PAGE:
Mr Varadkar’s Fine Gael is still reeling Saturday’s Irish election, which saw them pick up just 20.9 percent of first preference votes in Ireland’s single transferable vote electoral system, and 35 seats in the 160-seat Dail, the country’s legislature. By contrast, resurgent Sinn Fein, the republican party with historical links to the IRA, picked up 24.5 percent of the vote, leapfrogging Fine Gael by picking up 37 seats – just one fewer than Fianna Fail. Ray Bassett, former Irish ambassador to Canada, Jamaica and the Bahamas, told Express.co.uk the result should deeply worry the EU.
He said: “The election result in the Republic of Ireland was a major surprise.
“The emergence of Sinn Fein as the largest political party in terms of the popular vote and the heavy losses suffered by the ruling Fine Gael party, and to a lesser extent the main Opposition Fianna Fail, was not foreseen by political commentators, even a few weeks ago.”
Mr Bassett stressed there were no guarantees Sinn Fein, led by Mary Lou McDonald, would manage to stitch together a coalition, despite her stated ambition to replace Mr Varadkar as the country’s leader.
If the party did manage to cobble together a pact, whether it was with minor parties or with Fianna Fail, it would be “the most radical change of Government since 1932 and the arrival of Eamon De Valera to power”, Mr Bassett said.
EU Brexit negotiator Michel Barnier and Sinn Fein leader Mary Lou McDonald
Ireland’s Taoiseach Leo Varadkar
The Sinn Fein victory will be very unwelcome in Brussels
He added: “The Sinn Fein victory will be very unwelcome in Brussels. Michel Barnier visited Ireland during the election campaign in a blatant move to bolster Brussels’ favourite Irish politician, Leo Varadkar.
“Barnier even clashed with the leader of the Opposition Micheal Martin, in support of Irish European Minister Helen McEntee.
“There was no doubt but that the EU establishment wanted a Varadkar victory.”
Their concerns spring from Sinn Fein’s traditional euroscepticism, which has in the past involved campaigns against the Maastricht, Nice and Lisbon Treaties.
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Michel Barnier pictured with European Commission President Ursula von der Leyen
He added: “In recent years, it has softened its attitude to EU membership and now describes itself as in favour of membership but eurocritical.”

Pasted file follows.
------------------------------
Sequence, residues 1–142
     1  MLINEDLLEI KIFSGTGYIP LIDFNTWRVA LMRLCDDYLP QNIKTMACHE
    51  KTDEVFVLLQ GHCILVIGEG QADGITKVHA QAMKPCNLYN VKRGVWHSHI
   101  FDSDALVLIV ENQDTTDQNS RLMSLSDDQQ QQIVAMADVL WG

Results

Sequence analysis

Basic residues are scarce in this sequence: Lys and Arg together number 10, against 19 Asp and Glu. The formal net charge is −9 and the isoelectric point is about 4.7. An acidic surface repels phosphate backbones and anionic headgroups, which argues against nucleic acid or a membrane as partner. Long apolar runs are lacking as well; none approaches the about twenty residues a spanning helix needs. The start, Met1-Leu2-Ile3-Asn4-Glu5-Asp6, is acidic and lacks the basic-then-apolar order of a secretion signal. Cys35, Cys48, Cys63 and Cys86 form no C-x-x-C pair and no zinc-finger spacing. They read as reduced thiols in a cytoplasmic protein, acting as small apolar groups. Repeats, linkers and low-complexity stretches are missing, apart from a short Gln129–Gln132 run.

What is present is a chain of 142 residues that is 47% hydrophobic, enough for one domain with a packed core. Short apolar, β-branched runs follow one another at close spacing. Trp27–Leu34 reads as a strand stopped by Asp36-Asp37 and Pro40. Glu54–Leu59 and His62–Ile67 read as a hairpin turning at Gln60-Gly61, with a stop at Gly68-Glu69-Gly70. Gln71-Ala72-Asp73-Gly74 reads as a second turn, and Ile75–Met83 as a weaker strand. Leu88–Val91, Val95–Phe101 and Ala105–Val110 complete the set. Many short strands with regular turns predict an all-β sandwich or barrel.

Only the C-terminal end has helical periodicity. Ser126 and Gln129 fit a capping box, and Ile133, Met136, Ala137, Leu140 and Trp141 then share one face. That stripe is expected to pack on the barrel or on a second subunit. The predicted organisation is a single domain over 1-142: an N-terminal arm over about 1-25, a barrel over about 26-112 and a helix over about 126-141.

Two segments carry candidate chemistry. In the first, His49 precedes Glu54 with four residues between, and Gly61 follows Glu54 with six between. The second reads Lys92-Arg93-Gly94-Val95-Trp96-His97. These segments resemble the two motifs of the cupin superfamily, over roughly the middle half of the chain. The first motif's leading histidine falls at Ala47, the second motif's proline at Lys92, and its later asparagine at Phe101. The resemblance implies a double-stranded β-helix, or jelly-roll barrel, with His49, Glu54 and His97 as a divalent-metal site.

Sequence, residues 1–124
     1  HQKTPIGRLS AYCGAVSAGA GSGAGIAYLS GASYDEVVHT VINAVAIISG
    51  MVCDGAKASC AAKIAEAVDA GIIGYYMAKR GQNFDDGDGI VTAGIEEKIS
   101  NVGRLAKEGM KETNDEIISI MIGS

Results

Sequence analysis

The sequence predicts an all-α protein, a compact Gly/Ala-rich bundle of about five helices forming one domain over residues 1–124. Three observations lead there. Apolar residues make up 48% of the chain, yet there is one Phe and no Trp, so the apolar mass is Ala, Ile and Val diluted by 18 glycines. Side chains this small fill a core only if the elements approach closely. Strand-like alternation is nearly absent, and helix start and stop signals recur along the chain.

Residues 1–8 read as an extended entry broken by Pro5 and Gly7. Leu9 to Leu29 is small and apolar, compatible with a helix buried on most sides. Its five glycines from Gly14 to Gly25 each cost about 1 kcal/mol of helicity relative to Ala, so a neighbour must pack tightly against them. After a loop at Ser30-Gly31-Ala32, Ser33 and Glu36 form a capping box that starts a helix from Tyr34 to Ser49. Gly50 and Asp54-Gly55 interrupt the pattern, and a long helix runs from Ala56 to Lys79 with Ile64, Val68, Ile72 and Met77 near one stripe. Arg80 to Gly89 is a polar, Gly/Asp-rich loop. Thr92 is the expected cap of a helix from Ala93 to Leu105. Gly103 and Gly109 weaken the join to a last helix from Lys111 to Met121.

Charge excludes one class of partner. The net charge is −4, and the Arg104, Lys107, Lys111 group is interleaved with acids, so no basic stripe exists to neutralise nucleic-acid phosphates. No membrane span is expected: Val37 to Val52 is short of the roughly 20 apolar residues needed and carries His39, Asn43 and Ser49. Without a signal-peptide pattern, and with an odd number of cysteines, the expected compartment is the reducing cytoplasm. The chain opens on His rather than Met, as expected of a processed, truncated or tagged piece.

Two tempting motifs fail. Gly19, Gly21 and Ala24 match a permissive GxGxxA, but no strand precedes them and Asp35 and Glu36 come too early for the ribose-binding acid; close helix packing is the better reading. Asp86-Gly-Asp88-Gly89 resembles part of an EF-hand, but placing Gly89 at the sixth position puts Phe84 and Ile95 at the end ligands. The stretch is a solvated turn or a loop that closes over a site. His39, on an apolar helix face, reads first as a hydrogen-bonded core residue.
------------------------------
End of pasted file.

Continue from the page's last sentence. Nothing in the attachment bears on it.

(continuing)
And he pointed to language uncannily similar to that being deployed by UK eurosceptics in years gone by in the party’s election manifesto, which states: “Sinn Fein is fully committed to the EU. However, huge democratic deficits exist within its current structures.
“It is time to end the Brussels power grab, to rein in the Commission and return powers to the member states.”
In terms of Brexit, Mr Bassett, who said Sinn Fein was “the most hardline party in Ireland on the issue”, pointed to the party’s huge support in areas along the Irish border, where four of the five Westminster constituencies have Sinn Fein MPs – all of whom boycott the House of Commons.
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Micheal Martin has not ruled out working with Sinn Fein
The Irish border is a major concern for Sinn Fein
He added: “That position is mirrored on the southern side as Sinn Fein has emerged as the dominant political force locally in recent times.
“Hence Sinn Fein will oppose any re-establishment of controls on North South movements of goods or services.
“Varadkar was often perceived as putting the interests of Brussels before that of Ireland.
“He had once declared himself a Euro Federalist, hence the great support he has received from Juncker, Barnier etc.
Proposals for the Irish border
“Sinn Fein, because of its history and commitment to a united Ireland, could never compromise on the border and this is something which will greatly worry Barnier et al.”
Sinn Fein’s luke-warm attitude meant any Government headed up by the party would be “the least enthusiastic Irish administration for the “European Project” since accession in 1973.
Mr Bassett added: “Therefore, if the British Government want to lessen Dublin’s hostility to their Brexit plans, they need to satisfy any Sinn Fein administration that there is no question of interfering with the present frictionless operation of the Irish border.
Mary Lou McDonald’s Sinn Fein took almost a quarter of the vote
“In theory, Sinn Fein should be more sympathetic to British desires to regain its independence but there is a long historical legacy to overcome.
“The key to achieving that should be a joint commitment from Dublin and London to ensure a frictionless border.
“That would accommodate the single most important issue on Brexit for any Sinn Fein administration.”